But I'm not finding any published research that talks about the "dangers" of treating this with supplementation. Or actually *anything* about treatment except a paper about blowing it up with radioactive iodine. Anybody got a stash of research about this somewhere?
     
  9. OP
    messtafarian

    messtafarian Member

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    Re: So my endocrinologist is going to say no to me tomorrow.

    Well the update is -- the doctor did in fact say no to me. I told her I thought I was hypothyroid -- she said she thought there was absolutely no evidence of that and that my thyroid was perfectly fine. I asked her why I had nodules and she said she really didn't know.

    She said I had two options: watch and wait, or surgery. She said to get my levels checked in six months and another ultrasound in one year. End of story, thanks for stopping by.

    If anyone has any info on legal sources for thyroid hormone, could you please PM me?
     
  10. j.

    j. Guest

    Re: So my endocrinologist is going to say no to me tomorrow.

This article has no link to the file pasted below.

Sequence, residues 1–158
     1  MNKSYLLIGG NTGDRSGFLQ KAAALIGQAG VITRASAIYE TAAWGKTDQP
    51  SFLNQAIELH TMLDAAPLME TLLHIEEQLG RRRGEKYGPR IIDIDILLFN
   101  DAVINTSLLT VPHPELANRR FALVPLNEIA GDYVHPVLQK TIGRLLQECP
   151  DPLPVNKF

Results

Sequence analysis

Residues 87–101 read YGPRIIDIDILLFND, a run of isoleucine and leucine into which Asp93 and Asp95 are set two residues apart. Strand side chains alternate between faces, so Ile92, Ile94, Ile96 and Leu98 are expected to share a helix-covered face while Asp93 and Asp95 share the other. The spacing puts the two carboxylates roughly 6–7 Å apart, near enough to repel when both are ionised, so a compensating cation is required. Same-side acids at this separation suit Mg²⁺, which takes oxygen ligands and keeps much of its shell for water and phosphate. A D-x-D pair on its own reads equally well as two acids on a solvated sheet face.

I think farmacia del nino, mexican drug store, etc., are somehow technically legal, but you might want to get a confirmation on that.
     
  11. Jenn

    Jenn Member

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    Re: So my endocrinologist is going to say no to me tomorrow.

    They are legal. People shop with them because it's cheaper, not because it's contraband.
     
  12. OP
    messtafarian

    messtafarian Member

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    Re: So my endocrinologist is going to say no to me tomorrow.

    No, that's not true. I mean the pharmacies are not breaking the law by being pharmacies, but synthroid, cytomel, cynoplus, etc; are illegal to buy or have in your possession unless you have a prescription for them in the United States. The only "legal" thyroid is a place called nutrimeds --

    http://www.nutri-meds.com/

    They sell natural porcine and bovine dessicated thyroid supplements that somehow cleared the FDA. However this has all the thyroid hormones -- I really only want or need T3. I just don't think there's any way to get it without breaking the law.